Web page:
The bioengineering professor and NIST alum was nominated by President Biden back in 2021.
The U.S. Senate confirmed Laurie Locascio, a former bioengineering professor at the University of Maryland, to helm the National Institute of Standards and Technology on Thursday.
Following Locascio’s nomination by President Joe Biden back in 2021, the Senate voted in her favor during an April 8 voice vote. Her nomination was first approved by the Senate Committee on Commerce, Science and Transportation before being sent to the floor for a final vote.
Locascio will serve as the undersecretary for standards and technology at the Department of Commerce and the director of NIST, replacing acting Undersecretary Dr. James Olthoff. In addition to being a professor, she currently serves as the vice president for research at the University of Maryland.
NIST was created over a century ago and is one of the oldest physical laboratories in the U.S. It currently serves to advance measurement science, standards and technology across the government and U.S. industry.
Congressional leadership voiced support for Locascio’s confirmation on Friday.
“I would like to extend my sincere congratulations to Dr. Laurie Locascio on her long-awaited confirmation to lead NIST, one of our nation’s premier science agencies,” said Rep. Eddie Bernice Johnson, D-Texas. “We are at a critical juncture in our nation’s science and innovation leadership. As the House and Senate begin conference negotiations on a bipartisan innovation package, it is essential that all of the agencies given important new authorities in the legislation have their leadership fully in place and ready to hit the ground running.”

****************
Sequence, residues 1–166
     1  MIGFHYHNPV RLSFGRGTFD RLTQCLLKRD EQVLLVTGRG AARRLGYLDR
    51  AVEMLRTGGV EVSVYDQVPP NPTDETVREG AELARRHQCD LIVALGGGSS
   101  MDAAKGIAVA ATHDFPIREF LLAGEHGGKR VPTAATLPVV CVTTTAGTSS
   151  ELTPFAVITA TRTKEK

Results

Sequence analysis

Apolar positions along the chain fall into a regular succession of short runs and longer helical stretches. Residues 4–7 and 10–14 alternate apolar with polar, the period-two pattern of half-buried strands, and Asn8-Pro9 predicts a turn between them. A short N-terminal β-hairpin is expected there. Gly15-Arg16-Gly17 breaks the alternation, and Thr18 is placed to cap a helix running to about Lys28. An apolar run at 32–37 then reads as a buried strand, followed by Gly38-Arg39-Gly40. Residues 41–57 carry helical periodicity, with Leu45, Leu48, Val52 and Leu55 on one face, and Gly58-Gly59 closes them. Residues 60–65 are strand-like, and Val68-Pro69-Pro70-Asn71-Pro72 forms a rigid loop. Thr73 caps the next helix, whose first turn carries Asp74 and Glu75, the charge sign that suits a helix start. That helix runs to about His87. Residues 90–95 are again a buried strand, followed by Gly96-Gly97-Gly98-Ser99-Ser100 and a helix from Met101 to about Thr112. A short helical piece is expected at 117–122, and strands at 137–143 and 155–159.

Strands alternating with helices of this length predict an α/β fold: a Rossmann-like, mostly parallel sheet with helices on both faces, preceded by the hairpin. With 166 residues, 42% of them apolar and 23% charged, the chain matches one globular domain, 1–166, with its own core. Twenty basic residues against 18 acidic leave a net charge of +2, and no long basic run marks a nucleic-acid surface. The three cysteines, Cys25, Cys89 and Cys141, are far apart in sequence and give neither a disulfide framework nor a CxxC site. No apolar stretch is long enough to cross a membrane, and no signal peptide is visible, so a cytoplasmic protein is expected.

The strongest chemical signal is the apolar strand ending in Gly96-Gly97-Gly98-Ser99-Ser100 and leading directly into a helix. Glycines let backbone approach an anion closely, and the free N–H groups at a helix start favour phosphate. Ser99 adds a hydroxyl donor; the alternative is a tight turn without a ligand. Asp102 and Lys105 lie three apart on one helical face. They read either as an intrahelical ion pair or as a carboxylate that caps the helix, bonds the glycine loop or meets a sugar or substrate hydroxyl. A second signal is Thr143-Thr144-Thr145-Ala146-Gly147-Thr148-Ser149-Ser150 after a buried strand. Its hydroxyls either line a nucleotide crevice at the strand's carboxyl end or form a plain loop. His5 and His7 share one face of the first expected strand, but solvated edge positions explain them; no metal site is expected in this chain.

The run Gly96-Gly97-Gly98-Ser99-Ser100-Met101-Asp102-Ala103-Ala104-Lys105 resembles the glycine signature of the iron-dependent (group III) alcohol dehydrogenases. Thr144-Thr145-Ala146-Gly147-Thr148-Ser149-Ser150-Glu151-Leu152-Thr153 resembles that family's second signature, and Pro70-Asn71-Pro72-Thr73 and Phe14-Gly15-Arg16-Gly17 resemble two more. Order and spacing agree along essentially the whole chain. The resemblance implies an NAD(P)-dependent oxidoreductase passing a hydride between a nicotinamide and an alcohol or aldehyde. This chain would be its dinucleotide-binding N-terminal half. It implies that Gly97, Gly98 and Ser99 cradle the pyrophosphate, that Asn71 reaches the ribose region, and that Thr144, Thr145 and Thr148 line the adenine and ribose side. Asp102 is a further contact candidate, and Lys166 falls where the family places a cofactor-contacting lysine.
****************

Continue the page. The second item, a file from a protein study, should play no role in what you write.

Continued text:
This appointment won’t be Locascio’s first role with NIST. According to her biography page, she began her career with the agency first as a research biomedical engineer, working her way into senior leadership positions, including acting principal deputy director and associate director for Laboratory Programs.
"It has been an incredible privilege to serve as the vice president for research for both the University of Maryland, College Park and the University of Maryland, Baltimore,” Locascio said back in 2021 following her nomination. “I am tremendously honored to be nominated by President Biden for this important position and, should I receive confirmation from the Senate, I am confident that the university will continue on its trajectory as one of the world’s great research institutions.”